To return to the homepage – revisesociology.com


(1) Office for Students (2022) Analysis of Degree Classifications Over Time: Changes in Graduate Attainment from 2010-11 to 2020-21.

(2) Reform (2018) A degree of Uncertainty: An Investigation into Grade Inflation in Universities.

Is the increasing number of graduates a good thing?

In 1950 there were 19700 young people graduated with a degree, in 2019 that figure will be around 1.4 million.

However, is this increasing number of graduates actually a good thing?

There have certainly been a lot of winners with the expansion of Higher Education, which is now big business in the UK.

More graduates has meant more money flowing into Universities (albeit from private rather than public sources, more of that later), and many of these have expanded, which has resulted in an increase in teaching jobs and various support jobs in the HE sector.

And there is a whole industry surrounding meeting students’ needs – most obviously the need for student accommodation, but also a whole host of local businesses in university towns will be partially or wholly dependent on student expenditure. The student subsistence economy is estimated to be worth £95 billion annually.

However, in 2018 only 57% of young graduates went onto ‘higher skilled employment’, while 43% ended up unemployed or in jobs which previously would not have required a degree, such as nursing.

This means that almost half of today’s graduates could be victims of what we might call ‘qualification inflation’, and rather than going straight into work at 18 and training/ qualifying on the job while earning, they are now effectively forced into having three years of no or low earnings while they study for unnecessary qualifications while being saddled with student loan debts of tens of thousands of pounds.

A final little known fact is that around 1/2 of student loans are never repaid, which means that the taxpayer is effectively subsidising these unnecessary degrees, and there does seem to be a disturbing correlation between the half of students doing unnecessary degrees and the half of loans not repaid.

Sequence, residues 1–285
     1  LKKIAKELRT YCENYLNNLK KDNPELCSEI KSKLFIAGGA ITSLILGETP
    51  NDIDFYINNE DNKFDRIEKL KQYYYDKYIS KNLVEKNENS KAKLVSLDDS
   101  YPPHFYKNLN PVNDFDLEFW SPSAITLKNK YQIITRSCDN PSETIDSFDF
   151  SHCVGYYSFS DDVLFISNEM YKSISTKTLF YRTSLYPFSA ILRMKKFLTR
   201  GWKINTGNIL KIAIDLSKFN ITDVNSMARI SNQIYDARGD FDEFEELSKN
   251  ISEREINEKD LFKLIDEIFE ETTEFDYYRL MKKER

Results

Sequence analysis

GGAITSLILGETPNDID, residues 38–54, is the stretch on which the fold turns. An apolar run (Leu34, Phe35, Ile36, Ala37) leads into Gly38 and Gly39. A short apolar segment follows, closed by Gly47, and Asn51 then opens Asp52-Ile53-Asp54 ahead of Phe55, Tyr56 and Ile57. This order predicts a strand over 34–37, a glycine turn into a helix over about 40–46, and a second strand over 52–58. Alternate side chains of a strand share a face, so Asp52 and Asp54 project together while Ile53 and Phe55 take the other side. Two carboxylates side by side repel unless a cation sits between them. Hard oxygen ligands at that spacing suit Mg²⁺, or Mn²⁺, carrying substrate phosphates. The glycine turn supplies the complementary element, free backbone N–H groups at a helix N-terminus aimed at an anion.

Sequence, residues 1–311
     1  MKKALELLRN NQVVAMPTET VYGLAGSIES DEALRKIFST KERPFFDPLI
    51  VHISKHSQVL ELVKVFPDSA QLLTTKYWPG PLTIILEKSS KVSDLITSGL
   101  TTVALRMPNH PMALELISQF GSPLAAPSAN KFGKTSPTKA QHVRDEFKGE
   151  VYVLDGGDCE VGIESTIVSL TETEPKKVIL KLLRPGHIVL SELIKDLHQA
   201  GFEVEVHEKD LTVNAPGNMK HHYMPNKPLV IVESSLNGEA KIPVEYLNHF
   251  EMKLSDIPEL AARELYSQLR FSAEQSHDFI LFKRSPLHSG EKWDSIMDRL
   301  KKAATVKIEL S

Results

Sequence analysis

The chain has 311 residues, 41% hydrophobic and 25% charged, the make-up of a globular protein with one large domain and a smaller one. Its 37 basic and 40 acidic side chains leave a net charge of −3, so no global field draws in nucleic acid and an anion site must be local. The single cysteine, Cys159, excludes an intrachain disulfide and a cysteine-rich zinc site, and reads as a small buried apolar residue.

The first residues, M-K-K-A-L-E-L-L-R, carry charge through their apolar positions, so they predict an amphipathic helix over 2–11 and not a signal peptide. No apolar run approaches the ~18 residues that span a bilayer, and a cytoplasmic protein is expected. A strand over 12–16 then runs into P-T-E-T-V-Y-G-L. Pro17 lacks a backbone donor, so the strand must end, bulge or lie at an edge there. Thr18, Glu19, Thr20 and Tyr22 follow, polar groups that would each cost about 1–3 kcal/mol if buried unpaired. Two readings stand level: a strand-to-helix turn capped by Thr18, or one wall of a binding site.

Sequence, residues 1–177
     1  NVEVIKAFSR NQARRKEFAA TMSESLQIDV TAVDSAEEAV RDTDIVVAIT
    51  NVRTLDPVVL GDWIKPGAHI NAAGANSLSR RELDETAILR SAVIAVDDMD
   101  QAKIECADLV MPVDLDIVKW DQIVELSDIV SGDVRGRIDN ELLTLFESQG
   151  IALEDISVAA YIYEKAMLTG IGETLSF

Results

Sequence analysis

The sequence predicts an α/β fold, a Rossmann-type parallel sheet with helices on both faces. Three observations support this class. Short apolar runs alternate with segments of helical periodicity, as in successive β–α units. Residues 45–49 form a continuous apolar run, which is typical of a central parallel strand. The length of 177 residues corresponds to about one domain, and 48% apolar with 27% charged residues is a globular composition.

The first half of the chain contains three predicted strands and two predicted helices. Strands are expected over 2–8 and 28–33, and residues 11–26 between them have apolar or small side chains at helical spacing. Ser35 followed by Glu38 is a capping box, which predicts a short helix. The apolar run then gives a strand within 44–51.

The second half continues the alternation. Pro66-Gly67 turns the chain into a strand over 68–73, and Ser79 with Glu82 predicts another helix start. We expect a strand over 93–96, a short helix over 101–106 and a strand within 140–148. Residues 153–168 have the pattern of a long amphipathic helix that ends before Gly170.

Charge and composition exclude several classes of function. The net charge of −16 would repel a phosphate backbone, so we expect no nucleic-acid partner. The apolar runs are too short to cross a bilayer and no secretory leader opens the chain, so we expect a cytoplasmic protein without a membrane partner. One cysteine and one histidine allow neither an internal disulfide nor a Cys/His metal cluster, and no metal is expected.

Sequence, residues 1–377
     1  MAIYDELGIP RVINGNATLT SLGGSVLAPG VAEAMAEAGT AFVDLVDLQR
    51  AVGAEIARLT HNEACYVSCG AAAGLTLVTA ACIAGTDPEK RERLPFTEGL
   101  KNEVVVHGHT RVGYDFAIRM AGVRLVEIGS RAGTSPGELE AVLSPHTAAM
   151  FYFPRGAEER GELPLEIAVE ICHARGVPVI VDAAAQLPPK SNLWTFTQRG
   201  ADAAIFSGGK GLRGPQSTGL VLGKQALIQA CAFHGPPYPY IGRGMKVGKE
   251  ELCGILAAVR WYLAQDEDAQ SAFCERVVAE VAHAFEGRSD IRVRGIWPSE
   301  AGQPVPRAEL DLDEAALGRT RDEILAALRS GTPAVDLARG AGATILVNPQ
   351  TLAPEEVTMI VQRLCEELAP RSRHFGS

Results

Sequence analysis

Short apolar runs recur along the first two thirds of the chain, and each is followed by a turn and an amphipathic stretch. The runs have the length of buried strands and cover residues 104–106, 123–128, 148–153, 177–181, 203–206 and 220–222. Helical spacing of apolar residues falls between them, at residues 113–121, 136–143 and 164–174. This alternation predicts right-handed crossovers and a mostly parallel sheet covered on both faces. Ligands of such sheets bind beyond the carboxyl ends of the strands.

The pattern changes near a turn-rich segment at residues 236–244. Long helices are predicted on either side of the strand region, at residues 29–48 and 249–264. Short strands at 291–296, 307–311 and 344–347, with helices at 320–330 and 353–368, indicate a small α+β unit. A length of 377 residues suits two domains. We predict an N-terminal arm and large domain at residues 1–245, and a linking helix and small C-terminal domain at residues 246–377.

This means that the taxpayer is subsidising around half a million students a year to do degrees that are in no way related to their jobs, while a good chunk of this money gets sucked upwards, to universities and landlords.

Seems like a hidden case of the state subbing the elite by stealth, while conning almost half of university students?!?

Source: The Week 7 December 2019.

How to Break Into the Elite

Why don’t working class graduates with good degrees get the best jobs?

This documentary focuses on social mobility, and the myth of meritocracy, focusing on why working class graduates with good degrees struggle to get into the top jobs.

Statistics mentioned in the documentary

  • About 1/3rd of the population come from working class backgrounds, but only 10% make it into Britain’s top professions, and they earn 15% less than their colleagues from more privileged backgrounds.
  • Put another way you are 6 times more likely to land an elite job if you’re upper middle class.
  • Russel Group University students with 2nd class degrees are more likely to go into a top profession than those from working class backgrounds and got a first.
  • Oxbridge candidates from privileged backgrounds end up earning more than those from less privileged backgrounds.
  • Banking and finance – 34% educated privately
  • Private equity – nearer 70%

Top employers want cultural capital as well as qualifications

The stats suggest that top employers are not rewarding what the universities are rewarding, and this is preventing working class kids from getting the top jobs.

City recruiters are looking for ‘polish’ in the way they present – if we break this down this means accent, mannerism, behavior, dress.

One of the areas most affected by this is sales in finance: it is felt that if employees don’t look and feel ‘reassuringly expensive’, this will undermine the firm/ sector.

To illustrate this we have an interview with one independent recruitment agent who has a woman with an Essex accent on her books who she ‘can’t get a job for love for money’